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Market Rally: Time to Buy Canadian Tire (TSX:CTC.A) Stock?

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Canadian Tire (TSX:CTC.A) is a Canadian icon. Long-term shareholders have grown rich by holding the stock. The coronavirus took a toll on shares, but the recent market rally could signal a limited-time buying opportunity.

As one of the country’s largest retailers, Canadian Tire was hit hard by social-distancing measures. Foot traffic at its stores has dipped hard, while two economic shocks could lower domestic spending further.

When the downturn began, Canadian Tire stock lost more than one-third of its value. The latest market rally has pushed stock prices higher, but Canadian Tire shares remain close to their previous lows. Could this be your chance to profit?

The correction was hard

With 1,700 retail locations, Canadian Tire is completely dependent on the health and stability of Canadian consumers. Its business lines are diverse.

The main storefront is the eponymous Canadian Tire, a retail and automotive service operation with a large car repair garage in each store. Additionally, the company operates Canadian Tire Petroleum, Mark’s (a footwear and apparel retailer), FGL Sports (a sporting goods retailer), and PartSource (which sells auto parts and accessories).

Previous to the market rally, there was, of course, a difficult market correction. Last month, Canada unveiled the worst jobs report in history. More than three million Canadians are now out of work or have seen their hours reduced. Consumer debt levels were already a concern, not to mention a potential housing bubble across several metropolitan areas.

In combination, it’s not difficult to see why Canadian Tire stock has suffered. Investors are hoping that the latest market rally will instill more confidence into the economy. A return to normalcy would be a major boon to brick-and-mortar retailers like Canadian Tire.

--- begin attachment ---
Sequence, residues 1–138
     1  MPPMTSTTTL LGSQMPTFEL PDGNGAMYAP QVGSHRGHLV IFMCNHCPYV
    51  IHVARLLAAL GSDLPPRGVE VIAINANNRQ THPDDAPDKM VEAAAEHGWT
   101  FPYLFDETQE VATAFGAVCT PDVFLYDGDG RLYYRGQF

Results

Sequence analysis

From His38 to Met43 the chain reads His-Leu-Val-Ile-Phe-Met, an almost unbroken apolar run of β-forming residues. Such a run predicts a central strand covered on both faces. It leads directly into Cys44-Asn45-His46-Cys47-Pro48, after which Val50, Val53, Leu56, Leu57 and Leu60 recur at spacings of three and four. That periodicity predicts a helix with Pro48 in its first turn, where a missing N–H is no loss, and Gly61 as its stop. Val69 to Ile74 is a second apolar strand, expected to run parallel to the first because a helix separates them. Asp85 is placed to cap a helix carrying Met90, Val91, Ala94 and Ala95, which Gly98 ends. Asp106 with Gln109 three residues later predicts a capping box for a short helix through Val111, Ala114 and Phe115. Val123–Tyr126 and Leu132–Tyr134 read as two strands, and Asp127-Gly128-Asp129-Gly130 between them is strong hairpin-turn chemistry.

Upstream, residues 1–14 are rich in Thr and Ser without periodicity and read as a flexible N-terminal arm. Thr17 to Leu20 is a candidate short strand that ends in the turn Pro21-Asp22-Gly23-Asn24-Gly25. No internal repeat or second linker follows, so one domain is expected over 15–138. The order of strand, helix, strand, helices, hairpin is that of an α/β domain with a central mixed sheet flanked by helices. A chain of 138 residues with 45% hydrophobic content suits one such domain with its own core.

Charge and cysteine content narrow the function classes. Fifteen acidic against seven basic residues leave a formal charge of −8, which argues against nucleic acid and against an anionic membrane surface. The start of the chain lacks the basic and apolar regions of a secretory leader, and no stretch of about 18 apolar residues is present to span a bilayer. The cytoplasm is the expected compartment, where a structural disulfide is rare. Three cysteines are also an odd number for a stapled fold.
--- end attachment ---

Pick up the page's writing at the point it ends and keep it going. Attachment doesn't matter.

With shares nearly 40% lower their than pre-pandemic highs, is now the time to jump in?

Buy the market rally?

There’s no doubt that renewed confidence in the economy will help Canadian Tire, but how encouraging is the recent market rally?

Canadian Tire relies on two factors to make money: foot traffic and average spend per customer. These two items will determine the future of the stock price.

Foot traffic in the coming months will be directly tied to the coronavirus pandemic. How long will consumers be hesitant to frequent public areas? We may see restrictions lifted in coming weeks, but it would be surprising to see everyday Canadian behaviour return to 2019 levels.

That means Canadian Tire may see depressed foot traffic through the rest of 2020. And if a virus resurgence occurs next winter, the lower traffic levels could become a norm for the company.

And despite the market rally, average spend per customer is also a difficult factor to bet on. Millions of Canadians are out of work. Those with jobs are likely much more cautious about their spending. An upcoming housing crisis could reduce consumer spending even further.

And we’re not even factoring in the oil crisis. Most of Canada’s energy production is now completely uneconomic. If oil prices don’t rise by at least 50% in 2020, we could see another major economic headwind arrive.

Canadian Tire stock now trades at eight times trailing earnings. That’s a 50% reduction from its five-year average. But with a high fixed-cost business, it’s likely the company will post negative earnings in the quarters to come. Even at today’s depressed levels, shares are still not pricing in a prolonged economic downturn.

The market rally has pushed some stock prices higher, but there’s a reason why Canadian Tire shares haven’t moved much. Even with the current discount, the stock isn’t cheap enough to take a chance on.

This article represents the opinion of the writer, who may disagree with the “official” recommendation position of a Motley Fool premium service or advisor. We’re Motley! Questioning an investing thesis — even one of our own — helps us all think critically about investing and make decisions that help us become smarter, happier, and richer, so we sometimes publish articles that may not be in line with recommendations, rankings or other content.

Fool contributor Ryan Vanzo has no position in any stocks mentioned.

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